In a society that often responds in horror to the words, “Down syndrome”, it’s very refreshing to hear stories of families who embrace their children and see past their extra chromosome.
In July 2013, Carissa and her husband Chris were thrilled to find find out they were expecting a second addition to their family. They did what most couples do when they find out their having a baby; they attended all their doctor’s appointments and Carissa exercised and ate healthy foods. Her pregnancy was totally normal and they were told their baby was healthy.
On Carissa’s blog she shares in more detail about her pregnancy. She writes, “I felt great through this pregnancy. I loved being active with running (until 5 months), swimming laps, and walking. At 20 weeks we got to see our little blessing and were told he is very healthy, has a healthy heart, blood flow, measuring good, and that it was a boy!! At about 32 weeks I was measuring smaller and only had gained about 20 some pounds. My doctor ordered an ultrasound to check that he was doing good and again he got an 8/8 on the ultrasound. At 39 weeks he was again measuring about 37 weeks and I was told that I would probably just have a smaller baby. Honestly, I never thought of anything because I felt that if there was something, it would have shown up on the 4 ultrasounds I had with the heart, lungs, etc and nothing came up.”
However, after their son was born via emergency cesarean section, a nurse practitioner came and asked if they ever heard of Trisomy 21. She said, “Were you aware he [their son] could have Down syndrome? We believe he might have Trisomy 21 because of some of the characteristics he is showing. But we aren’t sure until we take some tests. Low muscle tone, smaller weight, his swollen eyes, ears. As she left,[she said] “Well, just enjoy your baby.”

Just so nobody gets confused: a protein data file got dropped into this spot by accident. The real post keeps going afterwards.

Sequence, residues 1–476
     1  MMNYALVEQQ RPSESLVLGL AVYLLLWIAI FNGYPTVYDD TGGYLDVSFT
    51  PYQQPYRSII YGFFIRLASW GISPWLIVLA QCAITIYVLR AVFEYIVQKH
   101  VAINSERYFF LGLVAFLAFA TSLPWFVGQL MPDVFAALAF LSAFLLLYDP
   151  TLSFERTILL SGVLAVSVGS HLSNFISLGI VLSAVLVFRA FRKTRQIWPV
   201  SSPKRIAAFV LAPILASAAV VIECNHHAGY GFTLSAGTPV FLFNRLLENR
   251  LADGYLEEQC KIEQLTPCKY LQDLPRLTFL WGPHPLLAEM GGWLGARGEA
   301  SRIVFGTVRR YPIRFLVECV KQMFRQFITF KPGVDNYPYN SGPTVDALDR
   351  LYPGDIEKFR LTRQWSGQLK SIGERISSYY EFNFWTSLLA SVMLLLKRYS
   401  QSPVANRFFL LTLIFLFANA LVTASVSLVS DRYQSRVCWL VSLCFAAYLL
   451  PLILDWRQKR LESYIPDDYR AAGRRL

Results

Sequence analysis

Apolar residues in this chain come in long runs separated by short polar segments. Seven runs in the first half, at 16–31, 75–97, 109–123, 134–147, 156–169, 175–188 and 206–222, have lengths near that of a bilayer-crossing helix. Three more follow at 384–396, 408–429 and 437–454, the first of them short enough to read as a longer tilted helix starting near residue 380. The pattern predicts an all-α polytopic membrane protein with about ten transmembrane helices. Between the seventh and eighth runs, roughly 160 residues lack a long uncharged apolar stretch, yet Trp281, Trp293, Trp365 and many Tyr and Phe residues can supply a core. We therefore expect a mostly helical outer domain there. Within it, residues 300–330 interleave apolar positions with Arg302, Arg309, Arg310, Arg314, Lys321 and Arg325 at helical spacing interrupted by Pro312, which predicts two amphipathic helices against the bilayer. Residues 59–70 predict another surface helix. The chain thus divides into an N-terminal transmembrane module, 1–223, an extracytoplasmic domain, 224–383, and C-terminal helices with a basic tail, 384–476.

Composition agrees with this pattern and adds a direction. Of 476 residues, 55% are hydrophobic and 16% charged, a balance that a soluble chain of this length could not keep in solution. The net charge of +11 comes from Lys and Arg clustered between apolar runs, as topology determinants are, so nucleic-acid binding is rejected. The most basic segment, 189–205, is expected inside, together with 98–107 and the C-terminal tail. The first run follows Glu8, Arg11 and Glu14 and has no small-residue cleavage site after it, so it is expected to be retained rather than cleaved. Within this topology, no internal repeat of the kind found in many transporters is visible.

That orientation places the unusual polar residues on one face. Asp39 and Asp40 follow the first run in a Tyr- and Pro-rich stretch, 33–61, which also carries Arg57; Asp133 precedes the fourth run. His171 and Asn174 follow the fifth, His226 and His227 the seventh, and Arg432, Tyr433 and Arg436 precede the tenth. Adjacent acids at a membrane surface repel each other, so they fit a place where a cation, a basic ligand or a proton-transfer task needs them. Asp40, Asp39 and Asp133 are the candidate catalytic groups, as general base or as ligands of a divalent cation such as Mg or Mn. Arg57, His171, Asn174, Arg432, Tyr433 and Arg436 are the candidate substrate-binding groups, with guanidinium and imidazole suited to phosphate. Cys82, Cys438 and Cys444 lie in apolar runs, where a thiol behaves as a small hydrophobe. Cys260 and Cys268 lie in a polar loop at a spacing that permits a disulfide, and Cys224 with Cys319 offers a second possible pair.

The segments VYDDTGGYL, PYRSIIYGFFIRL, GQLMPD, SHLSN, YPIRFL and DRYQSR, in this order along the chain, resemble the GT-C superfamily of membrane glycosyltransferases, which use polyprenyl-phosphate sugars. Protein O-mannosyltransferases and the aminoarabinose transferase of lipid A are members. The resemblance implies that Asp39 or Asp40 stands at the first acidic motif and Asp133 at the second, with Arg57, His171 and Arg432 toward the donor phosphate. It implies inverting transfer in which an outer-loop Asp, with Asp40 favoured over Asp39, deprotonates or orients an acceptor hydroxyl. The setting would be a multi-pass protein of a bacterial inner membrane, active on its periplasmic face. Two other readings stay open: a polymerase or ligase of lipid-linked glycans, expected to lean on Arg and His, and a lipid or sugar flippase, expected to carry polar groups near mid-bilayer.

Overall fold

Although Carissa says she loves the hospital where she gave birth, their experience showed them that many medical professionals are unable to help families through the raw emotions that arise when a baby is born with a fetal abnormality. This is what inspired Carissa to find a way to comfort other moms who are in her same shoes.
Now, Carissa makes baby baskets filled with encouraging gift for parents of infants with Down syndrome.
Carissa Carroll, a mother of two from Shoreview, Minnesota, came up with the idea as a way to help other parents come to terms with the often intimidating idea of bringing up a child with the disorder.
Mrs Carroll named the packages ‘Jack’s Baskets’ as she thought of the idea around the time of her son’s first birthday. Each one comes with a selection of presents for the baby, as well as a welcome letter that congratulates the new parents and gives them practical information on the condition.
Mrs Carroll’s baby baskets are intended to bring joy and relief to families at a moment in their lives where they may be experiencing anxiety over the prospect of raising a child with Down’s syndrome.
Although each basket costs the Carroll family $60 to make, they have proved so popular that donations have started pouring in. So far there is enough money in the pot to make a further 130 baskets to bring comfort and happiness to families across America.
The letter Mrs Carroll writes to new families reads: ‘Hello, my name is Carissa and I would love to be one of the first people to congratulate you on your newest addition to your family. Congratulations! I also want you to know I have also experienced receiving unexpected news.
‘My husband and I welcomed our son, Jack, and were told at birth that he was born with an extra chromosome and has Down syndrome. There were moments of confusion, grief of what we thought our lives would be like, and fear. Please know that you are not alone in your feelings,’ she adds.
The letter – a version of which appears on Mrs Caroll’s blog – Strength for the Climb – goes on to describe the ways in which her son has brought joy into the lives of his family members.
Carissa told ABC News more about Jack’s Baskets. She said, “One of the things that helped me so much in those early days were the words of encouragement from parents of kids with Down syndrome that are thriving and wouldn’t change their children for the world. I’ve not met a family that has not been positively affected by their loved one with Down syndrome. But nine out of 10 people have a terrible experience in the hospital’ We need to bridge the gap between medical professionals and families.”
Earlier this week, Heather Ellis received one of Jack’s Baskets for her newborn son Dylan and said: “It was such a nice surprise to be given this wonderful gift from a family who is raising a son with Down syndrome and could share their story with us.
She concluded, “With not having any close friends or family members that have kids with Down syndrome, we didn’t know what to expect or who we could talk to.”